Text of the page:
This piece is inspired by the host’s comment on The EdgeTV #JustSaying segment titled Generation Misunderstood aired on Astro Awani on Dec 19 last year. After intelligently and succinctly outlining the woes of youths in Malaysia, she ended with a poignant plea from youths: “Please don’t hate us”. What led to these pithy but profoundly effective words?
She had earlier shown us that many people, presumably older folk, tend to stereotype youths, in particular those living in the Klang Valley, as unthinking spendthrifts lepaking (hanging out) in Starbucks or Coffee Bean sipping RM16 lattes or shopping for RM500 sneakers. However, these pictures only apply to some youths, certainly not to all since no group is monolithic. Youths differ according to gender, race and social class. Not many can afford to savour expensive, aromatic coffee.
The host of #JustSaying — Adela Megan Willy — convinced me of the hardship of many young people in the Klang Valley, earning very small salaries and paying astronomical sums for food and lodging. Some have paltry savings (these are the ones who may have had to skip a meal or two), some have no savings at all and a desperate few have to seek financial assistance from their loved ones. The cost of living has gone up so much while remuneration, especially starting salaries, have not. It is not Starbucks but the neighbourhood teh tarik stall that is a regular haunt for numerous cash-strapped young people — that is, provided the price of capati and teh masala does not keep going up.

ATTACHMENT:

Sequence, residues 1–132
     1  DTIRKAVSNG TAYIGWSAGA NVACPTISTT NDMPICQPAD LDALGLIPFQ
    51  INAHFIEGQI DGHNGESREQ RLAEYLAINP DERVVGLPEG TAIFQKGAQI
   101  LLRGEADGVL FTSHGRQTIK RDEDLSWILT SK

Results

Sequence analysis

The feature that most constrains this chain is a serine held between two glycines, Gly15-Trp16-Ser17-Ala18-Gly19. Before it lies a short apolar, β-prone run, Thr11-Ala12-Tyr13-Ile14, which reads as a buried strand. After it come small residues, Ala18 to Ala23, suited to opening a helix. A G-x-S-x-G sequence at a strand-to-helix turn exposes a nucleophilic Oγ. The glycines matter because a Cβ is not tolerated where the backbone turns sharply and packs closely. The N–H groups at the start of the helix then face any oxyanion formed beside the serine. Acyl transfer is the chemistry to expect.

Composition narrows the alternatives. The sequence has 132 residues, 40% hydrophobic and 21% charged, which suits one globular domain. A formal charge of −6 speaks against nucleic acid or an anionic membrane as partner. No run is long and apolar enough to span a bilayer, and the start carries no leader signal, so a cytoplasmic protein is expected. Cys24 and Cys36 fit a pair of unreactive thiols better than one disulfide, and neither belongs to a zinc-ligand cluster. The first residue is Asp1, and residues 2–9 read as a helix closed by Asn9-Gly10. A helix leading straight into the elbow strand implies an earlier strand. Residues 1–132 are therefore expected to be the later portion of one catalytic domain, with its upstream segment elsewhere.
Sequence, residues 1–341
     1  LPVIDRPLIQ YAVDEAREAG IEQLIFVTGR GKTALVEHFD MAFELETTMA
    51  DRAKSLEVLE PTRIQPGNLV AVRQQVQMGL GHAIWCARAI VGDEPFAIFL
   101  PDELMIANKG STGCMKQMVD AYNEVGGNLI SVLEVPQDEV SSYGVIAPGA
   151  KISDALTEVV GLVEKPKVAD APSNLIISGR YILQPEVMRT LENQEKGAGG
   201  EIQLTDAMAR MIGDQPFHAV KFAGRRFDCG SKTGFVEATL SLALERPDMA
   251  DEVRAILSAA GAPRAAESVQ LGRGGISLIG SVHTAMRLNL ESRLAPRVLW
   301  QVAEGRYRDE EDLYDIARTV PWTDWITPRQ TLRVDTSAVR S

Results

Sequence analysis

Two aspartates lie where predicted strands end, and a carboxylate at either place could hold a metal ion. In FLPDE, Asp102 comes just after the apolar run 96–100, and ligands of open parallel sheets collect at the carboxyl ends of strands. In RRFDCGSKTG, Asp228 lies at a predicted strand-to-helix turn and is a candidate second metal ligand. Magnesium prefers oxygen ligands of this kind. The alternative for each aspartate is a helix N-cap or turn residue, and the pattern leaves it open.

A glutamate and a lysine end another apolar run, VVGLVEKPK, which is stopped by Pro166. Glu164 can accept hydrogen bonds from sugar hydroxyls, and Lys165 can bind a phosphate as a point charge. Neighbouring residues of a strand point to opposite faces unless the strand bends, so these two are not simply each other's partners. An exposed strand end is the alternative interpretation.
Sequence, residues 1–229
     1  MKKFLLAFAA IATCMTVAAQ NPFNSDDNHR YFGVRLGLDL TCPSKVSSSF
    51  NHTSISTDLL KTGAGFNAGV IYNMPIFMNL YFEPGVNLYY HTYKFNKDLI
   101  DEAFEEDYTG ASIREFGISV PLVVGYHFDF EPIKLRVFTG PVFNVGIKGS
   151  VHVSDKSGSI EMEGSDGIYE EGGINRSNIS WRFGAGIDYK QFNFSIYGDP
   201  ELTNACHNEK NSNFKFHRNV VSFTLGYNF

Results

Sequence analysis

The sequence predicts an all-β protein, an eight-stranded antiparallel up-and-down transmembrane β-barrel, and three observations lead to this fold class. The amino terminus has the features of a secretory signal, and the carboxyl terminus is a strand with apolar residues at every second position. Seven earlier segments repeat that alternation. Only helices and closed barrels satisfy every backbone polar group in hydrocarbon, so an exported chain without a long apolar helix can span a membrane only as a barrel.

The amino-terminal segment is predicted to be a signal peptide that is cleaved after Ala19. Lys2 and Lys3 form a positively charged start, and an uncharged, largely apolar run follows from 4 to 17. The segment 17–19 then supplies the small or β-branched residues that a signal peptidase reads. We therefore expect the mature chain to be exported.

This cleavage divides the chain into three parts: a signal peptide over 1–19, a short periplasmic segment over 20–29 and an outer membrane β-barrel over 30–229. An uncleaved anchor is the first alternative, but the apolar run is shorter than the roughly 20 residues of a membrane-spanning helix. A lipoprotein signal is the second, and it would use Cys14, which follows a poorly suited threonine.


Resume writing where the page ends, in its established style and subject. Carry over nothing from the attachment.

Many young people have migrated from outlying towns to Kuala Lumpur to chase the Malaysian Dream. Yes, we have our own version of the American Dream and I shall give it a slogan: “Everyone can be an entrepreneur”. Many young people today believe in this dream: “Work for a few years, save and then we can be a start-up company owner mah. Be your own boss, good what.”
But is this true? Society should value innovation and ambition, so start-ups that are sound should be supported, but it will not be easy. As a middle-aged friend of mine put it, “Not everyone can be a Mark Zuckerberg” nor should they want to. It is not merely a matter of self-owned businesses or being an employee. It is a matter of fair opportunity and salaries for our youth.
The salaries of young people who have worked very hard for graduate or professional degrees should be commensurate with their efforts and must be recalibrated to take in the rising cost of living. Not only is it a matter of material need, there is mental and emotional satisfaction as well as we want to be fairly compensated and clearly appreciated. Youth is a season of hope and idealism but it is also a time of risky emotional roller-coasters. Do we want to engender a feeling of disillusionment among our young? In some economically challenged countries, for example, Greece, an entire generation may be lost to disappointment, disenchantment and depression.
Some of us who are senior citizens have forgotten, or choose not to recall, our own turbulent emotions when we were in our 20s and 30s. I say to Adela whose plea on Astro Awani was, “Please don’t hate us”, older folk will try to come alongside young people and help, not “hate” them. First and foremost, older folk must learn to listen. By this, I mean genuinely and empathetically listening, where we do not butt in with endless suggestions. Allow the young people to speak their minds in safety with no quick dismissal or instant judgement. Hard as it may be to do, seniors should note that time does not stand still. What worked for us when we were young may not work in quite the same way today. Change is the only constant in life, so we should listen patiently in order to comprehend the current needs of the younger generation. They inhabit a far more complex world than we did in our youth. The surest way to get a young person to switch off instantly is to state portentously, “You know, during our youth, we never did that sort of thing.” Much more mutually productive dialogue will emerge from listening patiently and compassionately.